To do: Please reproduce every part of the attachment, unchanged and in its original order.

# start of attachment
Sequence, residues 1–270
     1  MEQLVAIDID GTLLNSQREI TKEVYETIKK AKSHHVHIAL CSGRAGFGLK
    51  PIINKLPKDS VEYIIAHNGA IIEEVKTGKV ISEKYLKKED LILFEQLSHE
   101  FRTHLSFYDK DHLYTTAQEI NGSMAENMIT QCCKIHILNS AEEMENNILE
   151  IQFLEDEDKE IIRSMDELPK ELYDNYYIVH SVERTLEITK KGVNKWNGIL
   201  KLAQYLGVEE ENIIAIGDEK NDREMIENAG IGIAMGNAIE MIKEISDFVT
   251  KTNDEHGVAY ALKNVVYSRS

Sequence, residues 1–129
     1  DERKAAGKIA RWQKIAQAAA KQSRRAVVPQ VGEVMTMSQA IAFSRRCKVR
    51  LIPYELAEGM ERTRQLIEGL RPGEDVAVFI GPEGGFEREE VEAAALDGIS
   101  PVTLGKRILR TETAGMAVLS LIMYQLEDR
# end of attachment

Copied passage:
Sequence, residues 1–270
     1  MEQLVAIDID GTLLNSQREI TKEVYETIKK AKSHHVHIAL CSGRAGFGLK
    51  PIINKLPKDS VEYIIAHNGA IIEEVKTGKV ISEKYLKKED LILFEQLSHE
   101  FRTHLSFYDK DHLYTTAQEI NGSMAENMIT QCCKIHILNS AEEMENNILE
   151  IQFLEDEDKE IIRSMDELPK ELYDNYYIVH SVERTLEITK KGVNKWNGIL
   201  KLAQYLGVEE ENIIAIGDEK NDREMIENAG IGIAMGNAIE MIKEISDFVT
   251  KTNDEHGVAY ALKNVVYSRS

Sequence, residues 1–129
     1  DERKAAGKIA RWQKIAQAAA KQSRRAVVPQ VGEVMTMSQA IAFSRRCKVR
    51  LIPYELAEGM ERTRQLIEGL RPGEDVAVFI GPEGGFEREE VEAAALDGIS
   101  PVTLGKRILR TETAGMAVLS LIMYQLEDR